Blomsbury Circus, £12.99
Review: The World Was All Before Them, By Matthew Reynolds
How to Adam and Eve it
Sunday 10 February 2013
Matthew Reynolds takes the title of his second novel from the closing lines of Paradise Lost. It's the moment when control of the narrative passes over from God to Man; and if Adam is concerned with pure existence, and Eve with the meaning of existence, what will their modern counterparts be doing with their lives?
Reynolds's Adam is Philip, a newly qualified doctor, and his Eve is Sue, who has artistic ambitions and works in a contemporary gallery. The opening chapters are concerned with the multifaceted and scrambled nature of modern life (which is also the concern of Sue's projected artwork, The Whole World). Philip sees through the prism of his medical knowledge; when he has an erection, "his pudendal artery dilates and his corpus spongiosum and two corpora cavernosa begin to swell". In contrast, Sue experiences the world through a filter of conceptual art. "I [want] to try and do something about sensation …" she tells her husband. "About this weird way … that every-thing gets into us. You know, we are in the world; but it is also in us."
Reynolds' narration adds another layer of defamiliarisation: in one bravura passage where the couple are in bed, his omniscient view glides over the sheets "of paymaster cotton nurtured to woolly blobs in the fields of Tennessee" and duvet "manufactured in hilly, thrusting Zhejiang" and mattress "constructed in Leeds" and so on out of the window past the "elders, nettles, gravel, dandelion", down to the river "carrying perch, roach, bleak, a ripped Tesco bag, carp, chub …". This kind of thing is apt to cause apprehension in the reader – and not just of the "is there going to be much more of this?" kind. Surely bad things are about to happen.
Gradually, the narrative settles down. Philip is having problems at the practice, especially with a young mother and her ADHD son; there is a crisis at the gallery, so Sue might at long last get her show, but only by subterfuge. Poignantly, Reynolds shows how little Philip and Sue actually share in terms of time and thoughts. They are physically and mentally separate for much of the book's duration, and we're reminded again of Milton's couple who "through Eden took their solitary way". This is a fascinating, strange and formally delightful novel.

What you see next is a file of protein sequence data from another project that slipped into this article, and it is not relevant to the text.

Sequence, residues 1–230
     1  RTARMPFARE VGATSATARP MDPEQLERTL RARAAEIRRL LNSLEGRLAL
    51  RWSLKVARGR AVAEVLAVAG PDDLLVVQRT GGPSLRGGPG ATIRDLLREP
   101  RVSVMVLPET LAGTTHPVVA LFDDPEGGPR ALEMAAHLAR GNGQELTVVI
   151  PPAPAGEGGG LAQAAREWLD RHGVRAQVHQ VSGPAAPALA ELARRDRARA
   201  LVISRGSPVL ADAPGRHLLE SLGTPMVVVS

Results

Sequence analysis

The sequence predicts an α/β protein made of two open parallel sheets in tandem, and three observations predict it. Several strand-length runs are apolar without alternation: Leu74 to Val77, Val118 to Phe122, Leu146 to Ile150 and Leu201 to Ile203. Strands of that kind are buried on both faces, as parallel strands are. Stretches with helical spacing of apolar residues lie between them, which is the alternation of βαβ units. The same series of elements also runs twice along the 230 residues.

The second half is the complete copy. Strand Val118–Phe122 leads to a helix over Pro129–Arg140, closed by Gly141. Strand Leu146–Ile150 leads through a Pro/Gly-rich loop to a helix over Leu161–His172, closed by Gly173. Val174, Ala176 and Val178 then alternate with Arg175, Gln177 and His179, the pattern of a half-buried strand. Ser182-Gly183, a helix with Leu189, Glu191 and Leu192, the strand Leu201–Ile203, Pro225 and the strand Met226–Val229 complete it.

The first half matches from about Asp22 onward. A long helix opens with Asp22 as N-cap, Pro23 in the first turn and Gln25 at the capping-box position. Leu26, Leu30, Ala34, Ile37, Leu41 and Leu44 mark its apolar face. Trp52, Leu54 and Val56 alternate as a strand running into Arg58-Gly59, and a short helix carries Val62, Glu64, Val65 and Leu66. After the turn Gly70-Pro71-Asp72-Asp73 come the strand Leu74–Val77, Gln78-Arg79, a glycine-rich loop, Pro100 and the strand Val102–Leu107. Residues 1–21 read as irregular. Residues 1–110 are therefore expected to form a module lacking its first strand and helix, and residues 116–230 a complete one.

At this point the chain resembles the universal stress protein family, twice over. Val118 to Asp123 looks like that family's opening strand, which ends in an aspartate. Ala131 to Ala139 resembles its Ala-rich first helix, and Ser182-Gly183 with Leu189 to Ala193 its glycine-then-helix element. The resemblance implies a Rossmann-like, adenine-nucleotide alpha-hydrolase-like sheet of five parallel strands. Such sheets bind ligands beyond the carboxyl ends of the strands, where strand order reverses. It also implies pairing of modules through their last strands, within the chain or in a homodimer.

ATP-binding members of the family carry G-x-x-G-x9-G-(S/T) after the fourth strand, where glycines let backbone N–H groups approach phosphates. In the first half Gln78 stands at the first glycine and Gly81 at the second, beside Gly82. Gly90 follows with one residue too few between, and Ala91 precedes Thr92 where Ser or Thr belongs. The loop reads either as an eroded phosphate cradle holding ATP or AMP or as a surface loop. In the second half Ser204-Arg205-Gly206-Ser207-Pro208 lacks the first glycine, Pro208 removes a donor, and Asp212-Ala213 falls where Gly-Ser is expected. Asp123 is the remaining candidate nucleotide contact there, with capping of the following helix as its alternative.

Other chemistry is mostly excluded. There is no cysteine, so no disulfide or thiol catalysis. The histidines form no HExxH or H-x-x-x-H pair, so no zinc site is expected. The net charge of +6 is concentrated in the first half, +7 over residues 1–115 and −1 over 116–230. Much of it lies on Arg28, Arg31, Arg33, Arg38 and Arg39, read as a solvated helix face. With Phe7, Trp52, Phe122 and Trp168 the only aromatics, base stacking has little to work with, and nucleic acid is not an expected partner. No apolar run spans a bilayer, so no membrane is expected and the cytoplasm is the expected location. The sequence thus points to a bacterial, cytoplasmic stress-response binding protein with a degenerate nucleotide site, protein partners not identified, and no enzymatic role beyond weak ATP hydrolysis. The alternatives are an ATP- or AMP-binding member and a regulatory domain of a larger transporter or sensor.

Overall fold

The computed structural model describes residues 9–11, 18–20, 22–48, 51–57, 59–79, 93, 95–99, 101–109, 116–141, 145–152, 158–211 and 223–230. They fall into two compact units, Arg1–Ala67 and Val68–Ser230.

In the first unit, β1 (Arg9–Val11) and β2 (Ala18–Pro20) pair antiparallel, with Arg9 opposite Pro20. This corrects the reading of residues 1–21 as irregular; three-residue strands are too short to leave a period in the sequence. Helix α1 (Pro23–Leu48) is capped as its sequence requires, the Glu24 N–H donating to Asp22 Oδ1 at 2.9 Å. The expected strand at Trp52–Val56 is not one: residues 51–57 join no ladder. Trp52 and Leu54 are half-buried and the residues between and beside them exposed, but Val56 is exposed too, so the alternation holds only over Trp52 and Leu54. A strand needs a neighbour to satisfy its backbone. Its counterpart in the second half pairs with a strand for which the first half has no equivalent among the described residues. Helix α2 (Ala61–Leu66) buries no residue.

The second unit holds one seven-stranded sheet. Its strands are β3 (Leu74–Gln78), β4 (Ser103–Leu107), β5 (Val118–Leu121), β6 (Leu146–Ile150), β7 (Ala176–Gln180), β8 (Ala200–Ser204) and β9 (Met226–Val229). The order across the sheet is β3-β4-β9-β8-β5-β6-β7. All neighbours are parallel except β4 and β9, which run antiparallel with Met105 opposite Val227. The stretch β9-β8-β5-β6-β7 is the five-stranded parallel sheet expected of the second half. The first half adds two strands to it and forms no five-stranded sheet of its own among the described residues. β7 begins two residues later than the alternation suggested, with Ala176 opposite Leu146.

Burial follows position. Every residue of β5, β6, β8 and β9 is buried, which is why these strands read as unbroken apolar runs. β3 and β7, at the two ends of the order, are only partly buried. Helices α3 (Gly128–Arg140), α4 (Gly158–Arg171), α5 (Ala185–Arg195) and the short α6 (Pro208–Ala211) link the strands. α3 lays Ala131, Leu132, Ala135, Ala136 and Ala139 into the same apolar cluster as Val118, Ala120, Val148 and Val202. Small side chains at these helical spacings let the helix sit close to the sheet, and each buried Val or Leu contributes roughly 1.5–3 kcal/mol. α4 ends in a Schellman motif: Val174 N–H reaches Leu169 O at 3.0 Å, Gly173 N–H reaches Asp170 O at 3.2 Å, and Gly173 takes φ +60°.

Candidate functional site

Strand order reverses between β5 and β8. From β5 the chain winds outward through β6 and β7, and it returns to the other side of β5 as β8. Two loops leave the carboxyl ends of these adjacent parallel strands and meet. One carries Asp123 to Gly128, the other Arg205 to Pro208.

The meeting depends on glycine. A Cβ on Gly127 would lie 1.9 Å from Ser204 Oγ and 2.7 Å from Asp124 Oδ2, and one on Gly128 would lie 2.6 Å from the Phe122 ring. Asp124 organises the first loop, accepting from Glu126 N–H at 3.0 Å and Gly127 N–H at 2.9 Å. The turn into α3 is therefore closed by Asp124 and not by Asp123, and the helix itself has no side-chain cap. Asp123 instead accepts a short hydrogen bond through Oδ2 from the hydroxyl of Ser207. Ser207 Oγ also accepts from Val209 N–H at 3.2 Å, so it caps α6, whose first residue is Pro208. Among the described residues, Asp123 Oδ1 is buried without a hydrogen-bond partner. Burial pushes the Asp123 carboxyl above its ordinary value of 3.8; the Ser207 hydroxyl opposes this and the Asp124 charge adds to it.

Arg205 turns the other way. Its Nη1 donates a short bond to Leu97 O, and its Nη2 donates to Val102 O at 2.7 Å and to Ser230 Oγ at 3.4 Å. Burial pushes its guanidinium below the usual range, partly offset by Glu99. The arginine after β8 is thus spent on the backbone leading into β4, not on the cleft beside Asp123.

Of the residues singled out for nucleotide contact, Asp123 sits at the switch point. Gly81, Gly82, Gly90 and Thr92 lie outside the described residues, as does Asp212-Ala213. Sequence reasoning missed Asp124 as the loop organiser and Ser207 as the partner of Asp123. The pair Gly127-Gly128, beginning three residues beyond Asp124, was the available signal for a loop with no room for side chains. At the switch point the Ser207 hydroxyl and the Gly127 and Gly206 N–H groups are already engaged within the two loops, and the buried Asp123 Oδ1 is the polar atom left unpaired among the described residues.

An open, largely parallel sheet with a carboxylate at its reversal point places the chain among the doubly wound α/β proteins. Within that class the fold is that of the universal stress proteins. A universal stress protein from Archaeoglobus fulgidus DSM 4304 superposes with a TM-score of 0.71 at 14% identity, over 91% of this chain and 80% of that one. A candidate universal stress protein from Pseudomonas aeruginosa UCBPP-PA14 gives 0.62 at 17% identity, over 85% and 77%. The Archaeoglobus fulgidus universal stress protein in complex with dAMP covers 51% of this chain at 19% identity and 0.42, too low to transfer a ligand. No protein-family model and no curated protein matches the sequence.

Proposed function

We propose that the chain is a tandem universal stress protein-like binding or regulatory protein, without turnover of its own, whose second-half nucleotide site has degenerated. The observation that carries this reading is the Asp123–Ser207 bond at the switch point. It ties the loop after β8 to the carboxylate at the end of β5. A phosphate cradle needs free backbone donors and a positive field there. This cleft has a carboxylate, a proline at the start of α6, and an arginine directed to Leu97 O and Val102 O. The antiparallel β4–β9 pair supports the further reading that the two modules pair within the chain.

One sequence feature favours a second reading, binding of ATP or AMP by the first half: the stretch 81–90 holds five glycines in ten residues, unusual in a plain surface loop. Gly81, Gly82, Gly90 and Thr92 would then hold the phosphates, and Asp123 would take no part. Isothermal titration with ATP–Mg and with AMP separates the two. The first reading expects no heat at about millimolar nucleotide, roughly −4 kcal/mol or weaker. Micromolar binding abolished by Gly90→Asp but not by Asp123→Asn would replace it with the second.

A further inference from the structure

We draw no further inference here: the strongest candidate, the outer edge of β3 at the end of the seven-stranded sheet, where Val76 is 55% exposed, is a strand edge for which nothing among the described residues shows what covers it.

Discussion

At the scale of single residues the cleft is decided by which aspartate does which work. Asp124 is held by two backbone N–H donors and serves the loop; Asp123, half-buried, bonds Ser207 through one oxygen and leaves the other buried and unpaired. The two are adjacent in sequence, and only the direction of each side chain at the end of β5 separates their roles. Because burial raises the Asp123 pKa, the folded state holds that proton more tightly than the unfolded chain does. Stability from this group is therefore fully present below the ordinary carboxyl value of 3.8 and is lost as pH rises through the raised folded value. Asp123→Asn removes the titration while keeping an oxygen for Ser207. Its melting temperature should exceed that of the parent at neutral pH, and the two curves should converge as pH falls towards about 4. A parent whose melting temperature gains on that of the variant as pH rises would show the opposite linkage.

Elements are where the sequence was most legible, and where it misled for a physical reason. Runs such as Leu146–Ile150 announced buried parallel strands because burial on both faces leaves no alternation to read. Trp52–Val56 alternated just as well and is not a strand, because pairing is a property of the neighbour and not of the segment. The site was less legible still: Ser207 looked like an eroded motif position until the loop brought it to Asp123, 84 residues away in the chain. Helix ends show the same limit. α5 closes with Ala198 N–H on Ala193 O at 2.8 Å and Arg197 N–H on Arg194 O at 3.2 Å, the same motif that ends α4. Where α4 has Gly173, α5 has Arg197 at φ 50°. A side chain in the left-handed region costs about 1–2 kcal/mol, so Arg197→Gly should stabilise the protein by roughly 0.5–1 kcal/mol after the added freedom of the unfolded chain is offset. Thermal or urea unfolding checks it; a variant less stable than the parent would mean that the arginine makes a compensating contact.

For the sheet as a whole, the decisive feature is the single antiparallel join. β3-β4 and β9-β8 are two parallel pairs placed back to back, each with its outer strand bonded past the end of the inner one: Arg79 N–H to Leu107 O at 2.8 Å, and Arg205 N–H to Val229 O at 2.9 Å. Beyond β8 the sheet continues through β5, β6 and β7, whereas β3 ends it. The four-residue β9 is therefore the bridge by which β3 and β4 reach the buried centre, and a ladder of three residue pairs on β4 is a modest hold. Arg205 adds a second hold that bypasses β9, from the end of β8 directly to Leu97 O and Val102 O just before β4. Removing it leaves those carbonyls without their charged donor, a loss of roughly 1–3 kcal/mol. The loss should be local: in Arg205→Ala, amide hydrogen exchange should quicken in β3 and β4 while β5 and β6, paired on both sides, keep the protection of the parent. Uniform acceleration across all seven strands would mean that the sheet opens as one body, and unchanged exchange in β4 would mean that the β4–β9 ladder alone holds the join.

Maisie Williams single-handedly rises to the challengeTV
Arts & Ents blogs
- 1 Saudi preacher who 'raped and tortured' his five -year-old daughter to death is released after paying 'blood money'
- 2 The awkward moment Sarah Palin raised $25,000 for Hillary Clinton's election campaign
- 3 Ball pool for adults opens in London
- 4 Amal Clooney gives excellent response to fashion question at European Court of Human Rights
- 5 Baldness could soon be treated using stem cells, scientists hope
Heavy metal producer's corpse to be mutilated by models as per his dying wish
Game of Thrones: Grey Worm actor Jacob Anderson is all for more male nudity – as long as he can keep his clothes on
Martin Scorsese 'in shock' after death on set of new film Silence
Sia apologises for 'Elastic Heart' music video that sees Shia LaBeouf wrestle 12-year-old Maddie Ziegler
The secret joke hidden in Silence of the Lambs' most famous line
9 reasons Greece's experiment with the radical left is doomed to failure
'We would evict Queen from Buckingham Palace and allocate her council house,' say Greens
Have we reached 'peak food'? Shortages loom as global production rates slow
Greece elections: Syriza and EU on collision course after election win for left-wing party
British grandmother Lindsay Sandiford faces execution by firing squad in Indonesia
Liberal Democrat minister defends comments suggesting immigration causes pub closures